This graph uses a log scale to depict the steep rise and fall in prices for tulip bulbs. However, it is important to note that price data from this time period is highly inconsistent since it was gathered from several sources including notarized futures contracts, spot markets and estate sales. Moreover, some of the data stems from anti-speculative pamphlets, which were widely distributed after the catastrophic collapse, thereby casting further doubt on the extent of the variability.

Identification and Detection of Bubbles

One obvious consequence of the tremendous detriment that bubbles have caused historically is the need for appropriate means capable of spotting excessive valuations in the market. After the credit crisis and the recession of 2008, the economist Hyman P. Minsky’s theory of Financial Instability has been widely recognized as one of the key concepts in order to understand the process behind bubbles.

In his book Stabilizing an Unstable Economy (1986) five different stages are presented, which accurately describe the general behavior of the boom and bust cycle. Starting from a “displacement” that captures the attention of investors (e.g. in the years before the explosion of the dot-com bubble, nobody expected that an online toy retailer could outperform a physical toy store), prices start rising sharply and gain solid momentum, which characterizes the so-called “boom”. What Minsky labels as “euphoria” soon follows. A stage in which caution is completely abandoned and new ways of evaluating are made up to claim that there is a rational behind what is happening. Consequently prices skyrocket beyond any measure. However this could mean that the bubble is close to an end and the fear of missing out on what might be a huge opportunity is substituted by the wisdom of smart money selling its positions and gaining as much as possible before the storm will rage. This is the phase of “profit taking”. Having perceived the danger, investors “panic” and demand is entirely dismantled. The positive trend inverts and prices plummet at a higher speed than they had been growing at. Investors holding the good or security in question are willing to liquidate it at any price, but nobody wants to buy it and prices go down even further.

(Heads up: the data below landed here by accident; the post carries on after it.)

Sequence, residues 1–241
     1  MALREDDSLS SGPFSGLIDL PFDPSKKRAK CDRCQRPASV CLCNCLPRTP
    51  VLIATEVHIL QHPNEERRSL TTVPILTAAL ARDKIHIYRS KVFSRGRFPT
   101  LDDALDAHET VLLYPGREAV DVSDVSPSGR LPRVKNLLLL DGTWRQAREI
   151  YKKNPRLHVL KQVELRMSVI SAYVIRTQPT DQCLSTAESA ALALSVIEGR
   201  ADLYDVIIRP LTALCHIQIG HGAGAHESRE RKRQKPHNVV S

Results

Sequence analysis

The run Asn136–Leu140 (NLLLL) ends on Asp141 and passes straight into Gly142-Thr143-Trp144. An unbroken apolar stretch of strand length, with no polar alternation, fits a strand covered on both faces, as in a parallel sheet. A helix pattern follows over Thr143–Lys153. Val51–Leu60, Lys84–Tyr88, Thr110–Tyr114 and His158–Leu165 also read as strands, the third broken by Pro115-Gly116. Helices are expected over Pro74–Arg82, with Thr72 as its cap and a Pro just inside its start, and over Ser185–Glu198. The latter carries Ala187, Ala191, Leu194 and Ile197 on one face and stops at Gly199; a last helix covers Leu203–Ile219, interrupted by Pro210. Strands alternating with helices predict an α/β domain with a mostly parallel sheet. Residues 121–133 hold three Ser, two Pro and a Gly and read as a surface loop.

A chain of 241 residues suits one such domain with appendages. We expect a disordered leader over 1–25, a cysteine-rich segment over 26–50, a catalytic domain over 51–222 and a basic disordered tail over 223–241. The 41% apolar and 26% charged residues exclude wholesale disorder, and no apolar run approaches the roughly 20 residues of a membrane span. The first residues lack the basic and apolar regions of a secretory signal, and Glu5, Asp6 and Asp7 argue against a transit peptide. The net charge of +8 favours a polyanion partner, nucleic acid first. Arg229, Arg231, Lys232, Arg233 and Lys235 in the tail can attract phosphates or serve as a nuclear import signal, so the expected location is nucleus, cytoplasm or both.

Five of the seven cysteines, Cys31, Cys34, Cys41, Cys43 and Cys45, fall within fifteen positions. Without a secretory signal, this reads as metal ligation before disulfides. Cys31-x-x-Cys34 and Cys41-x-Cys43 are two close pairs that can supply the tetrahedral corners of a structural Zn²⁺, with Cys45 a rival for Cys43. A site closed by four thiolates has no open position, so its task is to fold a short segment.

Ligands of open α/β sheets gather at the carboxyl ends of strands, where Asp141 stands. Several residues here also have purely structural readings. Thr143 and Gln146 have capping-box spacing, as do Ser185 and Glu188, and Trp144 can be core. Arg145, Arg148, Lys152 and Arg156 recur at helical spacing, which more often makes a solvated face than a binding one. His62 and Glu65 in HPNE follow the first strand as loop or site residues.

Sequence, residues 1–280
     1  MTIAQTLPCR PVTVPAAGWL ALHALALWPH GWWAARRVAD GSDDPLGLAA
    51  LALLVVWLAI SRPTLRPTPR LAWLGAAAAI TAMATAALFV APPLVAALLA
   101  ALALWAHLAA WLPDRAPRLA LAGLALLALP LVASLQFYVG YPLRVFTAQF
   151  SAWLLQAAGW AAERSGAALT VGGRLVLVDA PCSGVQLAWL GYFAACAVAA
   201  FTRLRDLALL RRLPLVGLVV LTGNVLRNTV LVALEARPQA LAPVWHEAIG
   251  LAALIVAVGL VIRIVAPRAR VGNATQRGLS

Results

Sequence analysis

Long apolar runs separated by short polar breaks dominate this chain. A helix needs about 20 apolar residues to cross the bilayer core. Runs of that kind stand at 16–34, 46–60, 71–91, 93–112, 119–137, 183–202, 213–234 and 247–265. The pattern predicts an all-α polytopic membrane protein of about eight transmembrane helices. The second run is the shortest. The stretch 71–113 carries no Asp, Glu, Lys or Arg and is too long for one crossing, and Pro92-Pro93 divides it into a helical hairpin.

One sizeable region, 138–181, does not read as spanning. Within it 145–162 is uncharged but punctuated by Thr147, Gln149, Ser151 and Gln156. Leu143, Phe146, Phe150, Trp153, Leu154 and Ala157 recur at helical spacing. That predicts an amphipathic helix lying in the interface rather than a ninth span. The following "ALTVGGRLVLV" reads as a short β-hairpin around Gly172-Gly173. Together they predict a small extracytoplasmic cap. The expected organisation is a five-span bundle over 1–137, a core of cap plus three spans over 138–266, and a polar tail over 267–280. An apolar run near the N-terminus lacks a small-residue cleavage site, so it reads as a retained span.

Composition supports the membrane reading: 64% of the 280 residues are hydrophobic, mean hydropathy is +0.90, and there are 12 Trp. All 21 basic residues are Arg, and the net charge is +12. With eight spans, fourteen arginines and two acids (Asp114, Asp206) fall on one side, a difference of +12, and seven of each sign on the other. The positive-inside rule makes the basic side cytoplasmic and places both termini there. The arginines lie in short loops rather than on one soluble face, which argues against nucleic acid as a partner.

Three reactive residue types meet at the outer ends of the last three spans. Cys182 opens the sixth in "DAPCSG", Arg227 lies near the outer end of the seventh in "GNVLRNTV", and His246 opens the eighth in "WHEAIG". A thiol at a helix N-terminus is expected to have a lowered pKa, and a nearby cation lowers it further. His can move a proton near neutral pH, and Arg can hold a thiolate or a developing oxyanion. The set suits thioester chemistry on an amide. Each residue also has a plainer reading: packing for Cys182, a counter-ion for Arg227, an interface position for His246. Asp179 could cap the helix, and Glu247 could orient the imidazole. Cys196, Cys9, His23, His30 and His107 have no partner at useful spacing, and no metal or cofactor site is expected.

Charles Kindleberger, an economic historian, built a revised model in the late 1970s based on Minsky’s theories, which saw a tremendous rise in popularity immediately after the dot-com bubble.

Is Mathematics the Answer?

Numerous experts have elaborated explanations similar to Minsky’s five-stage approach. However some went even further. Among them, it is worth mentioning the mathematical model presented by Robert Jarrow, Younes Kchia and Philip Protter in 2011. According to their paper, which was published in the SIAM Journal of Financial Mathematics, the use of statistical tools enables a specialist to determine – with enough empirical evidence – whether or not a specific asset is undergoing a bubble.

The key concept behind their reasoning is that during a financial bubble, the prices of assets rise far above their real value. Therefore, in order to detect the presence of a bubble, it is necessary to find out what the volatility of the asset’s price is.